When I started this blog, I was still in school. Naturally, the majority of my children's/YA work then simply focused on reading books. Now, I am actually employed (I work A LOT) and my work involves much more than just reading (actually, I don't get to read while I'm at work, except for lunch breaks and picture books). I've intended to include information on the programming I do here on the blog but, due to the aforementioned problem (I work A LOT), I haven't yet gotten around to it. I'm going to try to post about the programs I put on - we'll see how it goes.

My first program as Supreme Coordinator of All Things Tween (this is the title I give myself in my head) happened in February, right before Valentine's Day. Did you know that there exists in this country a Jell-O Week? Yeah, I clearly didn't want to do your run-of-the-mill program and I stumbled upon the wonderful online calendar that lists every obscure holiday and discovered Jell-O Week (you know, I probably shouldn't be writing Jell-O so much in this entry because Kraft doesn't sponsor Jell-O Week and probably doesn't like it when people talk about their product without being told to). But what could I possibly do to celebrate this glorious gelatinous week?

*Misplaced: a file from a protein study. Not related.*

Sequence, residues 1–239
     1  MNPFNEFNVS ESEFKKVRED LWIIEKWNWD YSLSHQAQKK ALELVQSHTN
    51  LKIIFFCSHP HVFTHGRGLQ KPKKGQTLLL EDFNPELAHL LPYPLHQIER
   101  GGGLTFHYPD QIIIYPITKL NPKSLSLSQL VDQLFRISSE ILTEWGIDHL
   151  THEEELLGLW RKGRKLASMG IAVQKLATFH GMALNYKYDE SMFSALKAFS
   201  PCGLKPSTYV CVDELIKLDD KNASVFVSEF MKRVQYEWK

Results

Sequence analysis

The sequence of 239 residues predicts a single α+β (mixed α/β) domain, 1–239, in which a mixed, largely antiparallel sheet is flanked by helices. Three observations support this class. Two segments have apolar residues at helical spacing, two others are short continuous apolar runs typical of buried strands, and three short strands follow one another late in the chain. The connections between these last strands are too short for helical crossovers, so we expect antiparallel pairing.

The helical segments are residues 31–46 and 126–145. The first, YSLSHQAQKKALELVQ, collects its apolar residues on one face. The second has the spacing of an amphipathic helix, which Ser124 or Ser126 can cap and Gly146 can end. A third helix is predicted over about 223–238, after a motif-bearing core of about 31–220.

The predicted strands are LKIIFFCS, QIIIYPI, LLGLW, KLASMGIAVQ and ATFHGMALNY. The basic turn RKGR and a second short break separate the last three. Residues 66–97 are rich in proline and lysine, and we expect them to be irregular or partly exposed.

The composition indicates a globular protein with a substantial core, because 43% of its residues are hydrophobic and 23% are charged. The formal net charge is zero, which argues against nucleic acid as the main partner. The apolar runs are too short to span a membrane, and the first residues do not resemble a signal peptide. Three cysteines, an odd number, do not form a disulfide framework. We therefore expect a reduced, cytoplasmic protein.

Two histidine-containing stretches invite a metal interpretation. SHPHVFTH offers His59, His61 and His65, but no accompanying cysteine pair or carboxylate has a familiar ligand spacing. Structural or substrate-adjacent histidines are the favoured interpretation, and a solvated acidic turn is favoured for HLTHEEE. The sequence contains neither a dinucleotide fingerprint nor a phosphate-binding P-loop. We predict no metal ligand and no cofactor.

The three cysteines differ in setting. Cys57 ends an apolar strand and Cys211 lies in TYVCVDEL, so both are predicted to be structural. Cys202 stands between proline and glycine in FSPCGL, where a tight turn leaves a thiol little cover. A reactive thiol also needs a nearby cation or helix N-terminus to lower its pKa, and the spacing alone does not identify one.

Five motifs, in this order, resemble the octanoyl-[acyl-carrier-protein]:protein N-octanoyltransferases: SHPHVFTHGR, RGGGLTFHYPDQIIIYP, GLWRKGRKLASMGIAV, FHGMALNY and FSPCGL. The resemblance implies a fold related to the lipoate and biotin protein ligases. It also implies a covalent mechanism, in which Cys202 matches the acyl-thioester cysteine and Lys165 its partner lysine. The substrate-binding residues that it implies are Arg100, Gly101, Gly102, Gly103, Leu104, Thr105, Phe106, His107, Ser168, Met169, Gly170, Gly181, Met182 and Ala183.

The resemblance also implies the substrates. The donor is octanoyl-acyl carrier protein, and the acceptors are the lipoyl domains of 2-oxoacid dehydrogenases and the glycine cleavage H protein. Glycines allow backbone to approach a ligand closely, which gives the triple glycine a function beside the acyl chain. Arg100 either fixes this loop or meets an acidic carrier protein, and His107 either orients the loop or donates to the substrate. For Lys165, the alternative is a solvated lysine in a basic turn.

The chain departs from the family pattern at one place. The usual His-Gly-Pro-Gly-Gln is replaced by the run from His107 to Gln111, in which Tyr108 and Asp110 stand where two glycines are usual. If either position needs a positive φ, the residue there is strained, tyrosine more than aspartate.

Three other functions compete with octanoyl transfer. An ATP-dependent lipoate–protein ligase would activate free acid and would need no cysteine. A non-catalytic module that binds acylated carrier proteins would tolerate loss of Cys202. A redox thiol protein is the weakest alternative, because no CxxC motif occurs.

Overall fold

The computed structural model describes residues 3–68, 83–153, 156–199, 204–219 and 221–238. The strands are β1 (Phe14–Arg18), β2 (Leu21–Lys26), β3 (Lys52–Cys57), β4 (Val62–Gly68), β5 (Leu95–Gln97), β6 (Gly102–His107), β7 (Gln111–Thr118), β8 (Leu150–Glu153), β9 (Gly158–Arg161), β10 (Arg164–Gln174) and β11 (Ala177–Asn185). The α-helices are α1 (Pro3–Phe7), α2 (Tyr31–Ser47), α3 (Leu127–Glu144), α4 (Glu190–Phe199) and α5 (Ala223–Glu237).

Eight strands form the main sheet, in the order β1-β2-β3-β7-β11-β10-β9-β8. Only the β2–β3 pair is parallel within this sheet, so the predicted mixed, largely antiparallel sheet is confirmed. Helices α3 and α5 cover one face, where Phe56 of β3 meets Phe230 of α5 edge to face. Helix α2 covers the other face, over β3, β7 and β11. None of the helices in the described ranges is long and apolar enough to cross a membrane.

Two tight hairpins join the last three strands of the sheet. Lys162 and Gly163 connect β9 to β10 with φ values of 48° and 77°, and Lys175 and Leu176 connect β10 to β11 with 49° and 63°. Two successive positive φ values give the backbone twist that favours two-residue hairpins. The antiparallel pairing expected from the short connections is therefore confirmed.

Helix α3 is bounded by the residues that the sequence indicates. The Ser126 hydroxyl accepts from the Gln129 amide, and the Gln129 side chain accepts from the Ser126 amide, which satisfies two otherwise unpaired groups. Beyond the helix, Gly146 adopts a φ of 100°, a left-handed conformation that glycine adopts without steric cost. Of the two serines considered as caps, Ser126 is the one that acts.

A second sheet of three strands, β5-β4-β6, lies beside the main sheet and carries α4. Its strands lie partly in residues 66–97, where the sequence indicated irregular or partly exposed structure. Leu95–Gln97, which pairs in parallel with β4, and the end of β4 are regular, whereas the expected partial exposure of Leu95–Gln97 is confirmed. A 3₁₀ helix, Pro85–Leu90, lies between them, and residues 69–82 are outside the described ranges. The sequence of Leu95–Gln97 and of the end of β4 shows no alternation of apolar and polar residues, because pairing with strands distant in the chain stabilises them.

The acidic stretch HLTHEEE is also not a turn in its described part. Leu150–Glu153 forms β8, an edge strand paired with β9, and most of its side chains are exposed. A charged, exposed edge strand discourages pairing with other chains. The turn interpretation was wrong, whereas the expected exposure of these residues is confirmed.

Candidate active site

Here is what the program consisted of (it wasn't really that focused on the gelatin):
- A very short Powerpoint presentation showing examples of what you can do with Jell-O (there are a number of artists working in the gelatin medium and every year there is a competition in New York for Jell-O molding)
- Three timed categories of constructing with different materials
- Jell-O eating!

I found (via the interwebs, of course) a science experiment about simulating earthquakes using sheet trays of Jell-O. Awesome. Kids love to build things, so this immediately appealed to me. I decided to try a variety of different materials and get the kids to work in groups and then we tested their various structures on our Jell-O earthquake. Each section was 15 minutes long: first, dry spaghetti and mini marshmallows; second, vanilla wafer cookies and chocolate frosting; and lastly, Jell-O jigglers and any materials left over from previous rounds.